Leaking word of a new web browser on Labor Day in the U.S. is somewhere between brilliant and antagonizing. As a web analyst, I wonder how are we going to identify the new browser and aggregate user activity in web metrics. As a web user, I am curious how this fits in to the increasingly social and image-intensive nature of the web. And what, if anything, will this prevent me from doing in my browser that I can do today?
Blogoscoped.com calls out a few of the features of Chrome:
- The new open source browser will include Google Gears which is designed to, according to Google, let web applications “better interact with your desktop”.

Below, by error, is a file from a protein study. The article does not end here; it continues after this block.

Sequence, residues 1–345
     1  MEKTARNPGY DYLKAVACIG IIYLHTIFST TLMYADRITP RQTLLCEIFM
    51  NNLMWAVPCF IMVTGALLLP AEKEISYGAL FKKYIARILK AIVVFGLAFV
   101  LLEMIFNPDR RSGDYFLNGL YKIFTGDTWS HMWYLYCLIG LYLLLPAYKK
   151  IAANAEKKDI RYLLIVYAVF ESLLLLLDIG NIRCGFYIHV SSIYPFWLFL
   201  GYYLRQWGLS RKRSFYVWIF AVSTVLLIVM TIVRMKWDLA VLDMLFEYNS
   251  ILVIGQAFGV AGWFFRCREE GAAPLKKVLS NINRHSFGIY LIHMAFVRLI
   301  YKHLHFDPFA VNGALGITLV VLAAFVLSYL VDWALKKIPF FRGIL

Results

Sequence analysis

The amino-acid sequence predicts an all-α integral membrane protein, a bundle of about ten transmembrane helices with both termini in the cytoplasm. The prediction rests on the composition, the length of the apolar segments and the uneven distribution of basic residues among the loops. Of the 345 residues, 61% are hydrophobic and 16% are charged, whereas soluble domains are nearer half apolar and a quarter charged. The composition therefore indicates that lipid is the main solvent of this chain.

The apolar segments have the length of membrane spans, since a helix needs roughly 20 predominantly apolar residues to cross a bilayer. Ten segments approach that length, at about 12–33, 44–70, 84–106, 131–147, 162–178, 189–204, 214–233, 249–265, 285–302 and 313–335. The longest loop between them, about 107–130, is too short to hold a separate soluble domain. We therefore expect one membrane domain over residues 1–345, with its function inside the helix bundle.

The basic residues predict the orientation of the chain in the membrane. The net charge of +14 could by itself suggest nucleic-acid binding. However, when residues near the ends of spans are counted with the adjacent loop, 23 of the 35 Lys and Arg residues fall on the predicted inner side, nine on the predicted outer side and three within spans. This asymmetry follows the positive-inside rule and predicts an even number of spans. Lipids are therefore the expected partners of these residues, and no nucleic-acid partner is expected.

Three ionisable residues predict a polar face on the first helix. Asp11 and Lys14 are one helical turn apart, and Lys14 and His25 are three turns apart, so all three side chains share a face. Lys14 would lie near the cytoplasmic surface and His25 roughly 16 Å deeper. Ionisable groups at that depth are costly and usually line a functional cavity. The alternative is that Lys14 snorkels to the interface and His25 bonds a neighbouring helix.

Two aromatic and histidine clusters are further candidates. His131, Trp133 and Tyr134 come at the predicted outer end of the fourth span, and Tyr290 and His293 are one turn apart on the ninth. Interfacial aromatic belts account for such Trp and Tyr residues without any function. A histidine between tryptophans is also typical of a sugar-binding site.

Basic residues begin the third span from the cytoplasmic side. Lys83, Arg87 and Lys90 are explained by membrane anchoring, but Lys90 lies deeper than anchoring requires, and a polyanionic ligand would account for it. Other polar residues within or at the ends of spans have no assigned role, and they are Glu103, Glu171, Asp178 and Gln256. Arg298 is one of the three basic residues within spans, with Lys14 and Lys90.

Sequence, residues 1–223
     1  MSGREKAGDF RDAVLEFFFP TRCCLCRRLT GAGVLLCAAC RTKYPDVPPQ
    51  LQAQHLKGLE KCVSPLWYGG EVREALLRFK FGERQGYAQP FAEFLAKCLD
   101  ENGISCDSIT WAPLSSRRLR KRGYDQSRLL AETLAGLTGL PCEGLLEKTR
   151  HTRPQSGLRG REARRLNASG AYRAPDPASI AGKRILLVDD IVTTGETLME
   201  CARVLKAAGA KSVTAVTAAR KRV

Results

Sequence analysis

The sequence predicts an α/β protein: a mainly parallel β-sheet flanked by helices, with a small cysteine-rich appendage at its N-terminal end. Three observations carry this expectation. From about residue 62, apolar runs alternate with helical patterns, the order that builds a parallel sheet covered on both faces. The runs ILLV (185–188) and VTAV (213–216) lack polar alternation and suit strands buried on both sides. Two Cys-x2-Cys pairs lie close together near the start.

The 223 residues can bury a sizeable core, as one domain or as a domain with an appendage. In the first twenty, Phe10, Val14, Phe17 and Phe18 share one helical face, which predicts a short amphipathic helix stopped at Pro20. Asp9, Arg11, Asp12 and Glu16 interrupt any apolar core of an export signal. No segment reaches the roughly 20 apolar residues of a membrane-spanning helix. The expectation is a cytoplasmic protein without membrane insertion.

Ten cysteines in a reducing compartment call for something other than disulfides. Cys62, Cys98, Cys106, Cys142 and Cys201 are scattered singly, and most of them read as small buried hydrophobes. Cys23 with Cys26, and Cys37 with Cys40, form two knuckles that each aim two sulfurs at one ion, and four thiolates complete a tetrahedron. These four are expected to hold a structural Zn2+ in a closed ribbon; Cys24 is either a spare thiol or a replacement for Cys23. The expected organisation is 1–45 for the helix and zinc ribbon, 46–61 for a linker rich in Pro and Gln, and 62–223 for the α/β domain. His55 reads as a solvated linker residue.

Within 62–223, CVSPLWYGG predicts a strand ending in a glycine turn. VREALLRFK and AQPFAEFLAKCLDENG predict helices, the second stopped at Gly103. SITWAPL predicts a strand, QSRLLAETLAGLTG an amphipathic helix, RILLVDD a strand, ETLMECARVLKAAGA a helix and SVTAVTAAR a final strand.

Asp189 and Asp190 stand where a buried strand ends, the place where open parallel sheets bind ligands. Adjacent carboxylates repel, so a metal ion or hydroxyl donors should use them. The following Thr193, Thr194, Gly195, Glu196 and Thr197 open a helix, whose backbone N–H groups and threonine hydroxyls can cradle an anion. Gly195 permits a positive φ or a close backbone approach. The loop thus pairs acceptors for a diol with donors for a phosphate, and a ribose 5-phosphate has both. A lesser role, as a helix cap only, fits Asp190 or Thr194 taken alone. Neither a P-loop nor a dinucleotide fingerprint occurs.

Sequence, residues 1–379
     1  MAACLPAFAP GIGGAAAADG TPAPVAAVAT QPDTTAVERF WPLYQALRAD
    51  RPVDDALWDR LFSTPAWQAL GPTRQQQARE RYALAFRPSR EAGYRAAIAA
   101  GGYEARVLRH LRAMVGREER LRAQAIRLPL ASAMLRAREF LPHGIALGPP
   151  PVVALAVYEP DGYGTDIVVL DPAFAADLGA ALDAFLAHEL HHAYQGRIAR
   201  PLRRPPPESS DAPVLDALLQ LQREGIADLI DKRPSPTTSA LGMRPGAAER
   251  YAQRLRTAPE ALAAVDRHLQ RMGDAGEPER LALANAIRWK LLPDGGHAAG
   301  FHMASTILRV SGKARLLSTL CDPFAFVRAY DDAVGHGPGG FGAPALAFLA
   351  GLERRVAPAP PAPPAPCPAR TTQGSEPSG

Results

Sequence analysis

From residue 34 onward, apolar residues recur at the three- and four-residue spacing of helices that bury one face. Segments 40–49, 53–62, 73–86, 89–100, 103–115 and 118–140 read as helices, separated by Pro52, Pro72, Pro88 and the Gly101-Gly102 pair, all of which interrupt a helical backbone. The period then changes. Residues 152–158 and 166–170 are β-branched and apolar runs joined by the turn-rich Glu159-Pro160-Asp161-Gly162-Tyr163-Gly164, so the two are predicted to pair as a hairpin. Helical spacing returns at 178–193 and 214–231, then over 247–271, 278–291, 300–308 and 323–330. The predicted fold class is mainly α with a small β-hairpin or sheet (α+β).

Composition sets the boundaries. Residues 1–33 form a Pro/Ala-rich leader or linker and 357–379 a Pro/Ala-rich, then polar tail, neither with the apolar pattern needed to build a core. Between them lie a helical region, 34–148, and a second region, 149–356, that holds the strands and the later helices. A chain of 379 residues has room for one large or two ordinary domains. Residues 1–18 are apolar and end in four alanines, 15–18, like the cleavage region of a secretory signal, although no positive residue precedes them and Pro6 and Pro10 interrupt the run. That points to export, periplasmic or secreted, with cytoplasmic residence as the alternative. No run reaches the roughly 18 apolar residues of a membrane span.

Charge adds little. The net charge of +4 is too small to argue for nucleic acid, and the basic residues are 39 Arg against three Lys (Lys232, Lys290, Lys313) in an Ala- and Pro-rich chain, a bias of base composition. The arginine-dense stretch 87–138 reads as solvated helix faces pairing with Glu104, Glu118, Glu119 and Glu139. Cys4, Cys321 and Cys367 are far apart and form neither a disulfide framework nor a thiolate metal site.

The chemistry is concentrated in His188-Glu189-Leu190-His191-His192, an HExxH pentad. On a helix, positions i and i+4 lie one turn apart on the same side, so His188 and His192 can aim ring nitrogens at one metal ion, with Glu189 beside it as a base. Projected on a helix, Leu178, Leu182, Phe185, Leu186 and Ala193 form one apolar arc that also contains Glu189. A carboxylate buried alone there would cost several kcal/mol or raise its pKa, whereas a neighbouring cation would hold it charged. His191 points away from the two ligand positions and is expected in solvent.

- Move the tabs from the above the content area of the browser to the upper side of the window. From other sources, this could mean more real estate to the content window. Think of it as hitting F11 on your browser. But there is more: Each tab will run its own process. If one tab crashes, only that tab stops working.
- Forget the search box, it’s the Omnibox. It’s a good thing I just wrote about the move of users to use the search bar as their primary navigation!
- The default home page serves as an Opera-like “speed-dial” showing thumbnails of the nine most visited sites as well as recently closed tabs.
- A privacy mode that Google says “…nothing that occurs in that window is ever logged on your computer.”
- Web apps can be launched in their own browser tab without address bar or toolbar.
- Malware and phishing attempts are monitored by frequently updated lists within Chrome.